The padding is encrypted but not MAC protected, so there is no integrity check (manipulation check). SSLv3 now allows the attacker to choose the padding almost freely, only the last byte must correctly name the padding length. If the length specification is incorrect, the MAC is output in the wrong location so it cannot be verified.

Attackers using Poodle forward "man-in-the-middle" script code to a website and then flood the server with an extremely large number of nearly identical HTTPS requests, which the browser automatically serves with the corresponding cookies. The attacker knows which of the encrypted blocks contains the cookie in question, although he cannot yet decrypt it. However, being the man in the middle, the attacker can copy this block to the end of the SSL data, where the encrypted padding actually takes place.

If the last byte in the decoded state is now the correct length, the remote station accepts the processed data. This value shows the remote station the MAC position. If the server receives a data packet, an attacker can infer that the cookie byte has this meaning. Much more can be done: if an attacker slightly changes HTTPS requests, he can easily determine all the bytes of the cookie.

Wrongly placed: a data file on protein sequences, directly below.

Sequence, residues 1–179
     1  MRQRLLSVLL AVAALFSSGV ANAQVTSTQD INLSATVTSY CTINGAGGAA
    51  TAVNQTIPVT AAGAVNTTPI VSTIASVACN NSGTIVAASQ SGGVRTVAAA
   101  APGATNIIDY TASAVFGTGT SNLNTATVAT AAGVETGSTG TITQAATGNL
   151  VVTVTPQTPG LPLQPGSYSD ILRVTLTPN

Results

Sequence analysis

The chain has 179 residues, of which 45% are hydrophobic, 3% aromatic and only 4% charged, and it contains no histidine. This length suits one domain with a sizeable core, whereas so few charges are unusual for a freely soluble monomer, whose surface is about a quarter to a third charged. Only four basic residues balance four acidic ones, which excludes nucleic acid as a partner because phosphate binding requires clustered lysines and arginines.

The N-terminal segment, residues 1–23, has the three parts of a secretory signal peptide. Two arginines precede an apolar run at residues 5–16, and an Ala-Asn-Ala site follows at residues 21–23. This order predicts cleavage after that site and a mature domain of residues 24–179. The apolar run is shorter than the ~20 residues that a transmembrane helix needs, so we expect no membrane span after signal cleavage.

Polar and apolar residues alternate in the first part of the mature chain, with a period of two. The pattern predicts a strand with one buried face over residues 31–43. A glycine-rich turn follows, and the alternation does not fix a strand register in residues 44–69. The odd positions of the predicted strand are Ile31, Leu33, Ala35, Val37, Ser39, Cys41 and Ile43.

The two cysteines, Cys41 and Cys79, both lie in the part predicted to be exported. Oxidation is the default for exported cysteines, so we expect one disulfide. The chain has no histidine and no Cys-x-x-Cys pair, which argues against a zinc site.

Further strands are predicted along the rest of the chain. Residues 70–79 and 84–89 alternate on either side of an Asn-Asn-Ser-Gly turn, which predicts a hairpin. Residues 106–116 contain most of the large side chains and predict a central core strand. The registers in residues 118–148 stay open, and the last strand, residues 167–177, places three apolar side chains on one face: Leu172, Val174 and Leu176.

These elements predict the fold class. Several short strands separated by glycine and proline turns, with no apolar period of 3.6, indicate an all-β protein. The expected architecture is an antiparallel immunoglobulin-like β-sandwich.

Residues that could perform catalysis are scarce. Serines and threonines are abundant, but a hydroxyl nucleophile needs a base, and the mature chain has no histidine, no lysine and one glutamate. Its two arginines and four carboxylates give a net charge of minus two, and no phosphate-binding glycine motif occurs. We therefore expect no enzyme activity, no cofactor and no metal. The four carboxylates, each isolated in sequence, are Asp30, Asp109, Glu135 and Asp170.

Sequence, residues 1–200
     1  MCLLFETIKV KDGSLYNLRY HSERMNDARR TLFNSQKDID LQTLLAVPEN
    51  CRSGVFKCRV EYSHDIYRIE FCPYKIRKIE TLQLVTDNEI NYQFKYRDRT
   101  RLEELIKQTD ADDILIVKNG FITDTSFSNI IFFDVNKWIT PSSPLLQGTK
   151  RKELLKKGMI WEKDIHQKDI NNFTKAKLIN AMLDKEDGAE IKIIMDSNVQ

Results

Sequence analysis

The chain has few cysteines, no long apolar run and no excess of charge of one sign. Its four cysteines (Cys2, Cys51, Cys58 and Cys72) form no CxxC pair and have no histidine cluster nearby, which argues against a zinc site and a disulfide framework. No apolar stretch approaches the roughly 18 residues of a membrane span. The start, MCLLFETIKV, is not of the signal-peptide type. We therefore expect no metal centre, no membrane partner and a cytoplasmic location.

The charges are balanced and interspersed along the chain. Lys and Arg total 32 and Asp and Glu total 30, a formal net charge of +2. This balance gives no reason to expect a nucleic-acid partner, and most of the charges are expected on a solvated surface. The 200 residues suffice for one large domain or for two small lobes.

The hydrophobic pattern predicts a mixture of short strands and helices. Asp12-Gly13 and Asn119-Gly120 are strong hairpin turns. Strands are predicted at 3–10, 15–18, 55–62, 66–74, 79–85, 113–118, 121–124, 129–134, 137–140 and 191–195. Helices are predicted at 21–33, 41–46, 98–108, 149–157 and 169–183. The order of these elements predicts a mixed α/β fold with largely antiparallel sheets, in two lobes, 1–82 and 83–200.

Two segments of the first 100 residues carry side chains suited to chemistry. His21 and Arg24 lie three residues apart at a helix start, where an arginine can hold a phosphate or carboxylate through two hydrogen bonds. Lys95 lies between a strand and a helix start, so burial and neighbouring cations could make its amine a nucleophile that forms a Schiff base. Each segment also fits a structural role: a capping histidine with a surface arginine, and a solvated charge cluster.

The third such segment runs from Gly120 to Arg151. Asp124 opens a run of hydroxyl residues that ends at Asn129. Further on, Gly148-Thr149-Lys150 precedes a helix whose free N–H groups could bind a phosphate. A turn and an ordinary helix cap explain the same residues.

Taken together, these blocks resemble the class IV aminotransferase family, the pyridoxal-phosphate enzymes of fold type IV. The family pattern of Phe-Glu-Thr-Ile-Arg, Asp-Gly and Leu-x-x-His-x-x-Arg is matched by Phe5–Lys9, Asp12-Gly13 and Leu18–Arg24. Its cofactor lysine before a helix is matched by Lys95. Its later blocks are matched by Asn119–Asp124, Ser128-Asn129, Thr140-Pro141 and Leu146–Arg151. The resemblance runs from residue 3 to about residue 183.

The entire SSLv3 connection cannot be decrypted using Poodle, but the parts that can be selected on a byte-by-byte basis can. However, public user sessions in particular can be hijacked using a session cookie from HTTPS connections, and the entire user account can then be hijacked. You can imagine what could come of this.

Repel a Poodle attack: how to protect yourself?

The most effective defense against a Poodle attack is very simple: disable SSLv3 - this is a long-outdated version of the protocol that is no longer needed today. In the worst case, the encrypted connection will not be established - this only applies to Internet Explorer version 6.

If you're using Firefox, type "about:config" (without quotes) in the address bar. Your browser will then perform a TLS lookup and you will set the "security.tls.version.min" parameter to 1. If this is too difficult for you - even if nothing works - consider upgrading your Firefox browser, since upgrading Firefox to version 34 Mozilla will disable SSLv3 support by default.

To protect yourself in Chrome, launch the browser with the “–ssl-version-min=tls1” command line option. To protect yourself when using Internet Explorer, go to “Internet Options” in the “Advanced” section and uncheck the “Use SSL 3.0” checkbox. Then enable TLS in versions 1.1 and 1.2.

On the server side, things are a little more complicated because theoretically you are blocking a possible target audience with the change. However, the danger is limited: remember that TLS version 1.0 has been standardized for many years - everyone, even relatively current clients, supports this standard. Only Internet Explorer 6 cannot handle TLS 1.0, but statistics show that the percentage of IE 6 users is very small.